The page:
Creaming (food)

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This article is about cooking. For use of the word in laboratory chemistry, see Creaming (chemistry).
Butter being creamed by electric beaters

Creaming is used to refer to several different culinary processes.

Blending to a creamy mass[edit]

Creaming, in this sense, is the technique of blending several ingredients — for example granulated sugar together with a solid fat like shortening or butter — and working them to a smooth mass. The technique is most often used in making buttercream, cake batter or cookie dough. The dry ingredients are mixed or beaten with the fat until it becomes light and fluffy and increased in volume, due to the incorporation of tiny air bubbles. These air bubbles, locked into the semi-solid fat, remain in the final batter and expand as the item is baked, serving as a form of leavening agent. It then gives it a nice finish to the cake.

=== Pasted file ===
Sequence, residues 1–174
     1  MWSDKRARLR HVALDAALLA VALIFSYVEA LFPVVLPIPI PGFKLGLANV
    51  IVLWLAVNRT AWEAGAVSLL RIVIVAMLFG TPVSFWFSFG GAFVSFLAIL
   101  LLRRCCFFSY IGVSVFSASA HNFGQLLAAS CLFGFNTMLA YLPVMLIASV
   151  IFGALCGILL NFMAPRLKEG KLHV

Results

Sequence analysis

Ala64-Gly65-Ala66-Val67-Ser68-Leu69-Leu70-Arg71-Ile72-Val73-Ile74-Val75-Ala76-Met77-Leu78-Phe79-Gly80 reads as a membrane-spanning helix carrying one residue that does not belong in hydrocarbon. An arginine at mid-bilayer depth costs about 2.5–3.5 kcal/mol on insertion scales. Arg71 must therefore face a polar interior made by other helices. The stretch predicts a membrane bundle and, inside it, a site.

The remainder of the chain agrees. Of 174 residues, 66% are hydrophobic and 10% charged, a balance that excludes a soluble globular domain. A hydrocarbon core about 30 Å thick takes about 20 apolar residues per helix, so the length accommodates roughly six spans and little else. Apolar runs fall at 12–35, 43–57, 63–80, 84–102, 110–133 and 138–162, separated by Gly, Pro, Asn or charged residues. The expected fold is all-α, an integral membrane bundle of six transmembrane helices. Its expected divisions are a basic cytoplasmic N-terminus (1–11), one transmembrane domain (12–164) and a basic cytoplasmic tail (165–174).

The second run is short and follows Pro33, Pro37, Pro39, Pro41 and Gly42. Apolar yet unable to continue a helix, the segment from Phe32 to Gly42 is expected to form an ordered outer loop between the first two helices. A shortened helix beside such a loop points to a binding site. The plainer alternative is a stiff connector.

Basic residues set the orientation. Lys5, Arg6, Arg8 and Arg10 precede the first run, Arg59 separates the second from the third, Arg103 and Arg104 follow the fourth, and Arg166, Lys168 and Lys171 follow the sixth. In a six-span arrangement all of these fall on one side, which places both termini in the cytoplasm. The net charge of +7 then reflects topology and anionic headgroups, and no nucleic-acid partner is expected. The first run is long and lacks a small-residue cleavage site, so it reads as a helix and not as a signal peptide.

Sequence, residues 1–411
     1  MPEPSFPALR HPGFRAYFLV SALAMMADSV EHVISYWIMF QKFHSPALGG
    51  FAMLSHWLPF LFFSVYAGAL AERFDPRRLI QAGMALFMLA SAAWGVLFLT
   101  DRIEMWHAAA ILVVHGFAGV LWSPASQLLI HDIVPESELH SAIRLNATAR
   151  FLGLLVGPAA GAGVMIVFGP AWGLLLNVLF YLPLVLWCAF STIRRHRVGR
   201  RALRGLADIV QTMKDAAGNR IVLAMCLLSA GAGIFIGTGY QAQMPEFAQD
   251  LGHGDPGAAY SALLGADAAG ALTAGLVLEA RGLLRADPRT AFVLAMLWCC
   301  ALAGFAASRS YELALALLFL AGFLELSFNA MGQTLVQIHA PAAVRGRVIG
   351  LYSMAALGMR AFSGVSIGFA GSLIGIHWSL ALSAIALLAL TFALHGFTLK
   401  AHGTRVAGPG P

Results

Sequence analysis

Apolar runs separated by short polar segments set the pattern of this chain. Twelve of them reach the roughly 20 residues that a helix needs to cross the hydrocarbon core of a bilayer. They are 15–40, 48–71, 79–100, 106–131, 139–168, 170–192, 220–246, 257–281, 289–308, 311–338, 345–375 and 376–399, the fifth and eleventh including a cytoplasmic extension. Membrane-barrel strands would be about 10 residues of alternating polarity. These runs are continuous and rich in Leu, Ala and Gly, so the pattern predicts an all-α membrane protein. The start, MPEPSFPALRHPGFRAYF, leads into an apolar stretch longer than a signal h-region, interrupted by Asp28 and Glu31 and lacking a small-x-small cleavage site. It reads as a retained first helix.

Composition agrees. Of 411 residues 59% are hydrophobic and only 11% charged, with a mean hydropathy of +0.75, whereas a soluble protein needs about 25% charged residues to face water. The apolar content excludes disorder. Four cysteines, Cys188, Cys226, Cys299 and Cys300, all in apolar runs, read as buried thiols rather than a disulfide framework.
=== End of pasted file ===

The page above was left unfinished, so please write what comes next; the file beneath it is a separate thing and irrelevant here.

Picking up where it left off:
Cooking creamed food[edit]

A bowl of creamed corn

Creamed food, in cooking, denotes food that is prepared by slow simmering or poaching in milk or cream. Some typical creamed dishes include creamed corn and creamed chipped beef on toast.

Some commercial preparations of "creamed" food substitute water and a starch (often corn starch) for all or some of the milk or cream. This produces a "creamy" texture with no actual cream or milk used.

In milk production[edit]

Creaming in milk production is the process by which cream rises to the top of un-homogenized milk. In this sense, the word is similar to the term "creaming" as it is used in chemistry.

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